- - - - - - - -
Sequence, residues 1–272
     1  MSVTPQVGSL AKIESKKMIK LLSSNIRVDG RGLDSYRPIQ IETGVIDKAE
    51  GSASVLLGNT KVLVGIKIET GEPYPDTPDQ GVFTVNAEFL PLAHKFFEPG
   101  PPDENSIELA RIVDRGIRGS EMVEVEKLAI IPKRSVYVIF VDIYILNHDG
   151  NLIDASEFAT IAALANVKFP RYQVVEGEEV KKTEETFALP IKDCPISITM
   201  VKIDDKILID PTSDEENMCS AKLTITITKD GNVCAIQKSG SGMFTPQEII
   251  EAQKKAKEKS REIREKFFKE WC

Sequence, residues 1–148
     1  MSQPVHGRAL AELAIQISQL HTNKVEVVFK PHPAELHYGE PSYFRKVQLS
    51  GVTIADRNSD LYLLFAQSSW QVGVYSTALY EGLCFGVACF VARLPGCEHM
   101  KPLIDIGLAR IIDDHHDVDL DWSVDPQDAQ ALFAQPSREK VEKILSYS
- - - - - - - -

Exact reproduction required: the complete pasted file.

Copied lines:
Sequence, residues 1–272
     1  MSVTPQVGSL AKIESKKMIK LLSSNIRVDG RGLDSYRPIQ IETGVIDKAE
    51  GSASVLLGNT KVLVGIKIET GEPYPDTPDQ GVFTVNAEFL PLAHKFFEPG
   101  PPDENSIELA RIVDRGIRGS EMVEVEKLAI IPKRSVYVIF VDIYILNHDG
   151  NLIDASEFAT IAALANVKFP RYQVVEGEEV KKTEETFALP IKDCPISITM
   201  VKIDDKILID PTSDEENMCS AKLTITITKD GNVCAIQKSG SGMFTPQEII
   251  EAQKKAKEKS REIREKFFKE WC

Sequence, residues 1–148
     1  MSQPVHGRAL AELAIQISQL HTNKVEVVFK PHPAELHYGE PSYFRKVQLS
    51  GVTIADRNSD LYLLFAQSSW QVGVYSTALY EGLCFGVACF VARLPGCEHM
   101  KPLIDIGLAR IIDDHHDVDL DWSVDPQDAQ ALFAQPSREK VEKILSYS